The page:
Whether you have a large or small bathroom, layout makes a big difference. Even a small bathroom can be luxurious if it is well designed. If you're tired of your current bathroom, then it may be time for a remodel. The good news is that when it comes to laying out your new bathroom space, you don't have to reinvent the wheel.
In this article, I'll share some of the most common bathroom layouts. There's a reason these basic bathroom arrangements are so popular: because they work! Use them as a starting point to design your dream bathroom space. Careful bathroom planning goes a long way toward your enjoyment of your home.
1. Small full bathroom with door on long wall
If you want a full bathroom layout, you're probably going to need at least 36 to 40 square feet. This usually translates to a 5' x 8' foot footprint, which is a standard-sized small bathroom that is common in older homes. Check the size of your small bathroom to get an idea of your dimensions. For this size, you can choose two standard options.
If the door opens up on the 8' side, place the door directly across from the sink. The toilet should be next to the sink and the shower or tub can be placed against the 5' wall. Directly across from the toilet, you can place a towel rack or shelf. This layout provides space and doesn't crowd you.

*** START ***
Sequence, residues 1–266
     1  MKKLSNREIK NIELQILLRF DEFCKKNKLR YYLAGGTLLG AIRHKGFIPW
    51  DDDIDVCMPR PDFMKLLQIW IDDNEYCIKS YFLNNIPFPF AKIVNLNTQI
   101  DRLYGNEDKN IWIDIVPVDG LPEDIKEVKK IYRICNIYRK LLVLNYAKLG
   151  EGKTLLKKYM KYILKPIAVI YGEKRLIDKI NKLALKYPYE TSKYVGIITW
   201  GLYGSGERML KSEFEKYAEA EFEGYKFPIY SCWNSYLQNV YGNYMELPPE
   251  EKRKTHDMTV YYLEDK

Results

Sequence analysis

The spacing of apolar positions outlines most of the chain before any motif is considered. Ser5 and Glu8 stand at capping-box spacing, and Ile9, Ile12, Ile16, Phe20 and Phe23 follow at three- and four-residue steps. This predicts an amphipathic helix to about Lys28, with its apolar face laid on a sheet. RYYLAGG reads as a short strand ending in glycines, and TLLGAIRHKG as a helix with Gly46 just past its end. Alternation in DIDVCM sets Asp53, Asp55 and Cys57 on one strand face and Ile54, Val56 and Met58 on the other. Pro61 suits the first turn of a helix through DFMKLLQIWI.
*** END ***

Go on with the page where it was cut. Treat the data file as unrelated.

Here is a small bath with the door on the long wall in real life:
2. Small full bathroom with door on short wall
The next design is when the door opens on the 5' wall. Along the 8' wall, install the sink, toilet, and shower in that order. Once again, place the towel rack directly across from the toilet.
The goal for both of these designs is being able to move freely without hitting the toilet or door. If you have a bathroom with these or similar dimensions, these are really the only full-bath layouts to consider.
3. Small three-quarter bathroom
Another common size for a smaller bathroom is a 7' x 7' foot design. Although you'll find that this super-tiny size can accommodate a full bathroom, it often works better as a third-quarter bathroom. A bathtub simply takes up too much space in this size. Additionally, its bulky look will create a cramped feeling. If you choose to have just a toilet, sink, and shower, the space looks much less cluttered.
This design works reasonably well, despite its small size. A common layout for production builders is to install a corner shower with the sink in the adjacent corner. I'm not a fan of this layout because it makes the sink feel cramped and doesn't provide a good space for a mirror or medicine cabinet.
A much better approach is the layout shown above, with the toilet and shower positioned side by side. This affords ample counter space and room for a mirror.
4. Long and narrow three-quarter bath
What makes this design great is that the space is broken up, with the sink separated from the toilet and shower by a door. Not only will this give you some privacy, you'll also be able to have multiple people in the space without feeling crowded.Some bathrooms have a long construction that you can use to subdivide the space. When you walk into this bathroom, a door to the left leads to the toilet and, beyond that, the walk-in shower. Opposite of this section, you can install a single-sink vanity and a large mirror.
5. Walk-through shower